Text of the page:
Likewise, we hope to strengthen the natural sciences at the University, notably by building our interests in the environment, urban, national, regional and global. We recognize that we may not be able to build major research strengths in all the basic sciences. But we do believe that we can greatly improve the scientific literacy of our students, thus assuring that they are able to participate intelligently in the great debates of our times, such as those which surround genomics, intellectual property and the right to life, to name just three examples.
The aims I have just outlined in broad strokes are deeply consistent with our traditions of experiment, dissent and debate. They will let us take John Deweys idea of creative democracy into the 21st century and to find new resources for our imagination in it. We also remain fully committed to the great traditions of the University in Exile, now in the care of the Graduate Faculty. These traditions made us a haven for maverick intellectuals, for scholars fleeing totalitarianism and racist violence, and for some of the great thinkers of modern times. The New School is still known around the world for its courage in combining social action with serious teaching and research, and for its boldness in finding homes for thinkers and teachers at political risk in their own homes.
We seek to carry on these great traditions in this most exciting neighborhood in the worlds most fabled city. In this city, in the heart of Greenwich Village, each of our schools brings a special dimension - to the arts, to creativity, to social criticism, to continuing education, to cosmopolitan values, to public policy. Today we are taking on an even bigger question: can we continue these great traditions by becoming a whole which is greater than the sum of its parts? To rise to this challenge, we will need to be more creative, more clever with our resources, and even more adventurous than we have been in the past.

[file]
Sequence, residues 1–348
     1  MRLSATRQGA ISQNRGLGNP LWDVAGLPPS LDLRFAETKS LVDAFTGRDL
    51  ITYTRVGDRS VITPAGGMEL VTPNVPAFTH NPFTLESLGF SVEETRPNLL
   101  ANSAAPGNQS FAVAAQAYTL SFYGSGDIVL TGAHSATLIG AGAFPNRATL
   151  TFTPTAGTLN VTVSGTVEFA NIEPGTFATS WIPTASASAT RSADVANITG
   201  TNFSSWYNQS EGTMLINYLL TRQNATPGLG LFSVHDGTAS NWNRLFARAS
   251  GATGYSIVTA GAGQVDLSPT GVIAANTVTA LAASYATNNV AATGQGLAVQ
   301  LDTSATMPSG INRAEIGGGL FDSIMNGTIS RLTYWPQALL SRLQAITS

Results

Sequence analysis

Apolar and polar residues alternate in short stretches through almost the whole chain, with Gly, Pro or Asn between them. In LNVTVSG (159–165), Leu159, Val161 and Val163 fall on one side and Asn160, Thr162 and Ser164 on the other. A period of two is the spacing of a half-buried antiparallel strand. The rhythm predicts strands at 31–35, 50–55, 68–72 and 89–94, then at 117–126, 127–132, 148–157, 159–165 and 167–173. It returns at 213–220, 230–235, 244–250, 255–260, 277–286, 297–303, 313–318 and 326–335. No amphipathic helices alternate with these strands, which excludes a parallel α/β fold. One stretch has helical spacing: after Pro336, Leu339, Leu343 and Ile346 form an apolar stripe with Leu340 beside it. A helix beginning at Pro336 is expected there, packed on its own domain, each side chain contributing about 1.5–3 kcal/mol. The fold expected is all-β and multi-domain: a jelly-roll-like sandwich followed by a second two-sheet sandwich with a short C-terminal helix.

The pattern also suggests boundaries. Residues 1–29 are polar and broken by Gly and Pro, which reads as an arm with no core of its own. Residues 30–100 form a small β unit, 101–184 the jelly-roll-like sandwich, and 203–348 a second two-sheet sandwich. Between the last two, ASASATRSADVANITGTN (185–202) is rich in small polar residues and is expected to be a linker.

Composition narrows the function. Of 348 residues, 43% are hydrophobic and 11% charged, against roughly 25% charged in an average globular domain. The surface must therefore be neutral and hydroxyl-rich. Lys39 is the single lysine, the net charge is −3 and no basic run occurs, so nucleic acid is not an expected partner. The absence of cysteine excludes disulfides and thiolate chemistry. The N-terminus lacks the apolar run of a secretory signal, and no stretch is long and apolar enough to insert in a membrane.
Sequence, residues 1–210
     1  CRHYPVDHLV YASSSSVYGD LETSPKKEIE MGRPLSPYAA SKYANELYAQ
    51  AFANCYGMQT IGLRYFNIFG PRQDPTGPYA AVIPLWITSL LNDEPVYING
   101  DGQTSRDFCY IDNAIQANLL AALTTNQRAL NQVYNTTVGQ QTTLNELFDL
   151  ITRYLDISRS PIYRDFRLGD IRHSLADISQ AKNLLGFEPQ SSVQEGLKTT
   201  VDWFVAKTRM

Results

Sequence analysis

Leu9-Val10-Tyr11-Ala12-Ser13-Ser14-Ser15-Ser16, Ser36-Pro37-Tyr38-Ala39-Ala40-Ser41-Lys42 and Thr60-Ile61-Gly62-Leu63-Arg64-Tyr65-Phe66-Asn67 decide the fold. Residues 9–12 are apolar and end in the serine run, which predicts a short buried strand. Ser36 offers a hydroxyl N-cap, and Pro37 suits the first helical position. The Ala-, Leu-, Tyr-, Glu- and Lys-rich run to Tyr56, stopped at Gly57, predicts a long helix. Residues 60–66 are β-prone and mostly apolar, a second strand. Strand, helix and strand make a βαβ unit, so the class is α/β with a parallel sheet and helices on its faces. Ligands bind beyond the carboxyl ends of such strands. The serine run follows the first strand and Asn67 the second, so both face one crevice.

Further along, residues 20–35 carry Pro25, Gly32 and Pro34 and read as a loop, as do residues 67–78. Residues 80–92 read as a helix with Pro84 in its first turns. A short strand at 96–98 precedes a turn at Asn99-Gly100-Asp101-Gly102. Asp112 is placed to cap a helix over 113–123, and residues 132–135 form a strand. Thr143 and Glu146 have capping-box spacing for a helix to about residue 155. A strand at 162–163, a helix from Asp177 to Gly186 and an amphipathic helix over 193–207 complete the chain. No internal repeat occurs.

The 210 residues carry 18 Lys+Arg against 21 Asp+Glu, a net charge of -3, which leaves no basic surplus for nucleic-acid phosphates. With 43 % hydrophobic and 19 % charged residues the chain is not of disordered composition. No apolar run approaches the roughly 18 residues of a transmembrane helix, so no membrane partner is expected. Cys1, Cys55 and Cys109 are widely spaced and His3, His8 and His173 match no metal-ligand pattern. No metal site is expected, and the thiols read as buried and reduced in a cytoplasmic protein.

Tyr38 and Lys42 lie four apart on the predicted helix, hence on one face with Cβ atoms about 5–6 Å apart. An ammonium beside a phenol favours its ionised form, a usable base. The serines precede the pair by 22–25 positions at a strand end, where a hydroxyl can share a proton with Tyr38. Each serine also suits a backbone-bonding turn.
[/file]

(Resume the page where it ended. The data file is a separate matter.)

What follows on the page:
To these lofty aims the Office of the Provost promises to bring the standards worthy of this great University: a commitment to experiment and inquiry, tempered by a deep respect for knowledge, data and information as they already exist in our many disciplines; a commitment to making Lang College one of the truly great colleges in the country and beyond that to making all undergraduate education in this University attractive, disciplined and innovative. We also plan to bring the arts and design, already our great strength, into a stronger dialogue with the liberal arts, the social sciences and public policy. And we will assure that the research strengths of our graduate programs continue to enrich our reputation and the ideas that our faculty bring to the classroom.
But underlying all these aspirations is our commitment to great teaching. A great University can be neither more nor less great than its teachers. And we are blessed with many great teachers, among them those we are proud to honor today. The classroom is where we compose the symphonies that bring together ideas, methods, curiosity and discipline. Our great teachers are great composers and great conductors too, for they bring great scores to life. In celebrating and honoring our faculty, we also renew our commitment to teaching and learning as our central reasons for being.